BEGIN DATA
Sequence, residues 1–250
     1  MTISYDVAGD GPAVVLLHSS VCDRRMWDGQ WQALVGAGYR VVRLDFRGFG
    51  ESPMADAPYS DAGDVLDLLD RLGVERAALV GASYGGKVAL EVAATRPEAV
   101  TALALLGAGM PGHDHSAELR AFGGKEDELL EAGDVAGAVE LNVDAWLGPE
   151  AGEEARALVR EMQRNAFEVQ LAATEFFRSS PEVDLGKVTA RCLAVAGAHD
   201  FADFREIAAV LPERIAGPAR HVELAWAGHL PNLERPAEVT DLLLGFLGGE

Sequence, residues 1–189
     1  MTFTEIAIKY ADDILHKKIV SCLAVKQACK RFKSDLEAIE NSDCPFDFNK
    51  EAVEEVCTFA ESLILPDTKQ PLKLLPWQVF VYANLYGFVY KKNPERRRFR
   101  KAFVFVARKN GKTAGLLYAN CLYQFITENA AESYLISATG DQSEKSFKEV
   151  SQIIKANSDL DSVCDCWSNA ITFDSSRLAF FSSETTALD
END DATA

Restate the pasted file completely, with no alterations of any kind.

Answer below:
Sequence, residues 1–250
     1  MTISYDVAGD GPAVVLLHSS VCDRRMWDGQ WQALVGAGYR VVRLDFRGFG
    51  ESPMADAPYS DAGDVLDLLD RLGVERAALV GASYGGKVAL EVAATRPEAV
   101  TALALLGAGM PGHDHSAELR AFGGKEDELL EAGDVAGAVE LNVDAWLGPE
   151  AGEEARALVR EMQRNAFEVQ LAATEFFRSS PEVDLGKVTA RCLAVAGAHD
   201  FADFREIAAV LPERIAGPAR HVELAWAGHL PNLERPAEVT DLLLGFLGGE

Sequence, residues 1–189
     1  MTFTEIAIKY ADDILHKKIV SCLAVKQACK RFKSDLEAIE NSDCPFDFNK
    51  EAVEEVCTFA ESLILPDTKQ PLKLLPWQVF VYANLYGFVY KKNPERRRFR
   101  KAFVFVARKN GKTAGLLYAN CLYQFITENA AESYLISATG DQSEKSFKEV
   151  SQIIKANSDL DSVCDCWSNA ITFDSSRLAF FSSETTALD